Other than the small settlements of Ushuaia and Puerto Williams, he would find Tierra del Fuego almost as empty as it was in his day. But he might be surprised to find people visiting the archipelago on account of its scenic beauty: for early Victorians such as Darwin, landscapes such as this were not places to wonder at, except in fear. “Tourism” meant seeing the sights of Paris, Rome and Florence, with even the Swiss Alps still far from fashionable.
The wrong side of the tracks, Puerto Williams, Chile
Darwin’s ghost would surely be saddened, but not necessarily surprised to find that the proud Yahgan people are now reduced to one solitary old lady, Cristina Calderón, who lives on the wrong side of the tracks in Puerto Williams and who charges tourists to take her photograph. But he might be sobered to learn what brought about their demise: forced conversion to Christianity and equally forced re-settlement in confined, semi-urban circumstances. In the case of the Ona people on the big island of Tierra del Fuego, the story was even sadder: they were literally hunted to death, and ranchers rewarded with a five-pound bounty for Ona scalps.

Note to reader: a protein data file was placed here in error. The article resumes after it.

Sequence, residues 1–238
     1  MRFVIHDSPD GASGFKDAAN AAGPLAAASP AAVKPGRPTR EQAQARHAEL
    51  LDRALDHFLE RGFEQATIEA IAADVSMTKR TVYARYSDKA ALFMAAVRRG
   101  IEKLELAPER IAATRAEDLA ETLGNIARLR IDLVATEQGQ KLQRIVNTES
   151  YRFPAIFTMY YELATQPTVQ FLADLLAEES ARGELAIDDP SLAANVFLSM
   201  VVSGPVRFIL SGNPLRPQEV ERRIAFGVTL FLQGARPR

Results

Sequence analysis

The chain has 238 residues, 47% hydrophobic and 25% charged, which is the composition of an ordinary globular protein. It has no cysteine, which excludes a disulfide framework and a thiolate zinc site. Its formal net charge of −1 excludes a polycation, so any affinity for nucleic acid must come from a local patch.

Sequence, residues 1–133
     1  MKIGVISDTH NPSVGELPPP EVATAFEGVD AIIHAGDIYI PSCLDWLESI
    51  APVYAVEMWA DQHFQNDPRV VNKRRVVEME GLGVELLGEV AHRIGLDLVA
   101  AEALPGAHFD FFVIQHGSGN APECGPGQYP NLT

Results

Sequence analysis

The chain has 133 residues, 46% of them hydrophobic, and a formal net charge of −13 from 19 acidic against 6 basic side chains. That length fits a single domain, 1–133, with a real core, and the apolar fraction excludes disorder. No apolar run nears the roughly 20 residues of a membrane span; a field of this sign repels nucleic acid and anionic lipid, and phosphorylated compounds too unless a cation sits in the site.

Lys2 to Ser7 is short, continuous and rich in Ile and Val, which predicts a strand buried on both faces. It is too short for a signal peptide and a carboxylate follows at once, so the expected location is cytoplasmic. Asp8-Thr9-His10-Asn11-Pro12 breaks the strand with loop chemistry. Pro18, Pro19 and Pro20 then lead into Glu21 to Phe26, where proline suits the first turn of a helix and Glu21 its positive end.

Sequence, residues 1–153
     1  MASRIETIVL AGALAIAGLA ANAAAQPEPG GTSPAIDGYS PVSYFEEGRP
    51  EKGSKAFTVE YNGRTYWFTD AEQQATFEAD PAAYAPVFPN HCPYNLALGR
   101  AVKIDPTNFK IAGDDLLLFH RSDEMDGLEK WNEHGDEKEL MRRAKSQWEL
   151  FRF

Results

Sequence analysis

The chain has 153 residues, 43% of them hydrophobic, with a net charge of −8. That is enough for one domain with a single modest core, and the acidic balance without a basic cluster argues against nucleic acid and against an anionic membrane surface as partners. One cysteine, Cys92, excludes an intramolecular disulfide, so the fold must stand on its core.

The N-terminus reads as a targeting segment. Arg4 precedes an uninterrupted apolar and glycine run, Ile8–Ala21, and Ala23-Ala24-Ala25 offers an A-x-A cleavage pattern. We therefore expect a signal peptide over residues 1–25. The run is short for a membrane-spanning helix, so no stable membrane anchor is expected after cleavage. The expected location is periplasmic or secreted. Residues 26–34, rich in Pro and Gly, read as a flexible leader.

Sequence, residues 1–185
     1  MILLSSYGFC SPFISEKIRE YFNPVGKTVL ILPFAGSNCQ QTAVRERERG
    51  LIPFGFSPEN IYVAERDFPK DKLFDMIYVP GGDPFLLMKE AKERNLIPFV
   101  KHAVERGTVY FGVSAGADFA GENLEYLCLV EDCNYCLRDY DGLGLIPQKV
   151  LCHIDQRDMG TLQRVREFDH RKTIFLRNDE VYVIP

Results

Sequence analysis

But above all our supernatural crew would be fascinated by Lucas Bridges’ account, in Uttermost Part of the Earth, of growing up with these “savages” – who were of course nothing of the kind – and with the legacy of Bridges’ father Thomas; a dictionary of the Yahgan (or Yamana) language. In the pages of this 32,000 word dictionary are glimpsed a people who lived in complex harmony with the apparently hostile natural world that surrounded them, that could describe that world with a precision and with detail that go far beyond English, and whose spiritual life was rich and sophisticated, if menacing. Darwin would, I think, have softly closed the dictionary – whose original lies quietly crumbling away in the British Museum – with a knowing, if rueful smile.
All photographs courtesy of the author
About the Author:
Nick Coghlan was educated at The Queen’s College, Oxford and Nottingham University (UK). In 1978, accompanied by his wife Jenny, he took up a teaching post at St George’s College, Buenos Aires, Argentina. In 1981 they emigrated to Canada, bought a 27ft boat, and in 1985 set off aboard Tarka the Otter on what would become a circumnavigation of the world. In 1991 Nick joined the Canadian Foreign Service; his postings have included Mexico City, Bogota, Khartoum, Cape Town and Islamabad. Nick’s postings in Colombia and Sudan are recalled in his two books The Saddest Country and Far in the Waste Sudan (both McGill-Queens University Press). In 2005 Nick and Jenny embarked from Cape Town on the voyage recounted in Winter in Fireland; they are currently cruising on Bosun Bird in Japan.